—Senator Elizabeth Warren, commenting on the newly-released GOP healthcare bill

A as I was resting comfortably this morning, making my way through Minnesota Senator Al Franken’s latest book, Giant of the Senate, I had the TV on in the background. I saw protesters, many of them in wheelchairs, being removed from Mitch McConnell’s safe Image result for protesters in mcconnell office on capitolspace on Capitol Hill. I heard their passionate pleas. Then I saw the police take them away.

Today, of course, is the unveiling of the latest reactionary plan to “repeal and replace” the Affordable Care Act, which is essentially a typical Republican scheme designed to take from the poor and middle class and give to the rich (and defund Planned Parenthood, which would, sadly, increase the number of abortions Republicans say they hate). So, other than a few details, what was revealed today should not have come as a surprise to anyone. The wheel-chair protesters, obviously, knew what was coming.

Now, it so happens that I was on page 80 of Franken’s book, when MSNBC was showing the protesters and discussing not whether the latest GOP plan would do damage to people, but how much damage it would do. That’s where we are these days. In any case, starting on page 80 of the book Franken explains what happened the day after he announced his run for the Senate in February of 2007. I will quote it at length:

…I visited a health clinic in Minneapolis where my friend Dr. Margie Hogan worked. I spent time meeting with health care providers and patients and listening to some of the horror stories that were commonplace before the passage of the Affordable Care Act.

One of the stories Margie told me became a mainstay of my stump speech. It involved an incredibly promising seventeen-year-old girl from a Hmong family [the Hmong fought on the U.S. side during the secret war in Laos during Vietnam; many thousands settled in Minnesota after the war] who was doing college-level work as a junior in high school. But she had lupus. And her family earned just enough money to no longer qualify for MinnesotaCare, a program that covered low-income families in the state. The girl lost her health insurance.

Lupus is a chronic disease, and the medication that controls it is extremely expensive. The girl told her parents to stop buying it so they could afford to take care of the other kids in the family. It broke their hearts, but she was right: They couldn’t afford the medicine, not with everything else weighing on the family budget. So they stopped buying it.

The next time Margie saw the girl was six weeks later, back in the hospital. But this time, she was in the emergency room, suffering from renal failure. She had to be put on dialysis, and doctors thought she might have to be on dialysis for the rest of her life.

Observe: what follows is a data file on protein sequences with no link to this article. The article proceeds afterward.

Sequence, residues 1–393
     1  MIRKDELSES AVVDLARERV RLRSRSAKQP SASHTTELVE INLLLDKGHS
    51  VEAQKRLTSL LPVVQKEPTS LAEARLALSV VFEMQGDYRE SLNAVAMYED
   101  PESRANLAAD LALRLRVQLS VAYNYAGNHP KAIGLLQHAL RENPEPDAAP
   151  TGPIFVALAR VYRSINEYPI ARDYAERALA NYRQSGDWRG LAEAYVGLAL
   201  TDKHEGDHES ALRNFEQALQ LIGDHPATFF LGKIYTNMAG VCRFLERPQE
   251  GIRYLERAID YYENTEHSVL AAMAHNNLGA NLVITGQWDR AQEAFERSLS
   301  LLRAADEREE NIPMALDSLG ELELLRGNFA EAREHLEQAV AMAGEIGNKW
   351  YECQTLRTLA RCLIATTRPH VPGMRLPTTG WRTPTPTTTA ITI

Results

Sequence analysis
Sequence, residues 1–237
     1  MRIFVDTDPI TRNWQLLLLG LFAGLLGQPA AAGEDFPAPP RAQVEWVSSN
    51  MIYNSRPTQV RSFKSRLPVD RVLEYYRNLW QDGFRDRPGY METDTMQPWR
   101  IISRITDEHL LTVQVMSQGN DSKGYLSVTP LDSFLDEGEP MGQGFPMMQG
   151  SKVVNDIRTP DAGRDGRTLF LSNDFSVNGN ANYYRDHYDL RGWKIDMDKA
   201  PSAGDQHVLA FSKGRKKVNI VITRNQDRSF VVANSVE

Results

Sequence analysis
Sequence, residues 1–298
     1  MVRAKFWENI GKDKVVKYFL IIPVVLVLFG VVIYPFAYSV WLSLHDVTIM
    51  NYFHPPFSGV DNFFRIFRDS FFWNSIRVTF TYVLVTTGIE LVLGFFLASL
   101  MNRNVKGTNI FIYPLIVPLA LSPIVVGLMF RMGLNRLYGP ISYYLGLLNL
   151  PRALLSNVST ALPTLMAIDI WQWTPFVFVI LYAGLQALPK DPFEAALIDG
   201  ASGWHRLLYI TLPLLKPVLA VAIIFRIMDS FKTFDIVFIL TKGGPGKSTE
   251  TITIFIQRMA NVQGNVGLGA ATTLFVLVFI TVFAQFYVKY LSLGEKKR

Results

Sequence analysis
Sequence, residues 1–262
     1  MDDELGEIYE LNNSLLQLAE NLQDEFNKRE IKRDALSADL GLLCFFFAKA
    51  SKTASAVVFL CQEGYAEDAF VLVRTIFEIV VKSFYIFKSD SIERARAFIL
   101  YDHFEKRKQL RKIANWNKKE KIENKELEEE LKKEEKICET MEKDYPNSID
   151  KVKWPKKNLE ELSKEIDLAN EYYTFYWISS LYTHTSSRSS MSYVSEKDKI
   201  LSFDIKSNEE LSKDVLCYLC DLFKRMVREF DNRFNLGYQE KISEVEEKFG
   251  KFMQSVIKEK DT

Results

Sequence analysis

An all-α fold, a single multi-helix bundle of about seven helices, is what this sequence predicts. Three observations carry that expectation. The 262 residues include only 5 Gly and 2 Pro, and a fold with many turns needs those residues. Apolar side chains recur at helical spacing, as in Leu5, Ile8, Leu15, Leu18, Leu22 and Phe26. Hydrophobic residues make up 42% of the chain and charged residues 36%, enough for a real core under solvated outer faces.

“Now, that’s wrong,” I would tell crowds that had invariably gone quiet by this point in the story. “But it’s not just wrong—it’s stupid! How much is it going to cost our system to give her dialysis throughout her life? And how much is this going to cost her, in terms of her potential and her quality of life?”

According to the most recent data when my campaign began [in 2007], there were 46.6 million Americans living without health insurance, including 21.5 million who worked full-time and, worst of all, 8.3 million children. And on my radio show, I talked about this issue all the time with guests like Elizabeth Warren, who told me that half of all bankruptcies in America were tied to a medical problem.

But at bean feeds, I met people who had lived it. Or who would tell me about their sister or their cousin who had lived it. And traveling around Minnesota, stopping in cafés and coffee shops and VFW halls, I couldn’t help but notice the flyers up on bulletin boards announcing barbecues or potlucks or spaghetti dinners to benefit families that had gone broke because someone had gotten very sick or been in a terrible accident.

Getting to universal health care was always going to be a central focus of my campaign. But now, instead of talking about it just as a policy issue, I was also talking about it as a personal issue—because that’s what it was for so many Minnesotans.

Policy issues may be dry. They may be dull. They may be tough to talk about, what with all the numbers and legal writing and arcane parliamentary procedures. But this issue, this health care issue, this one that affects so many people—either directly and/or indirectly through an aging parent who needs nursing care—is personal. It is personal.

We all have heard stories like Al Franken heard from his doctor friend at a health clinic in Minnesota. We’ve all seen the donation jars or boxes with homemade signs in convenience stores asking us to help an unfortunate person with medical expenses. And we all know, or at least we should know, that things shouldn’t be that way in an unfathomably wealthy America.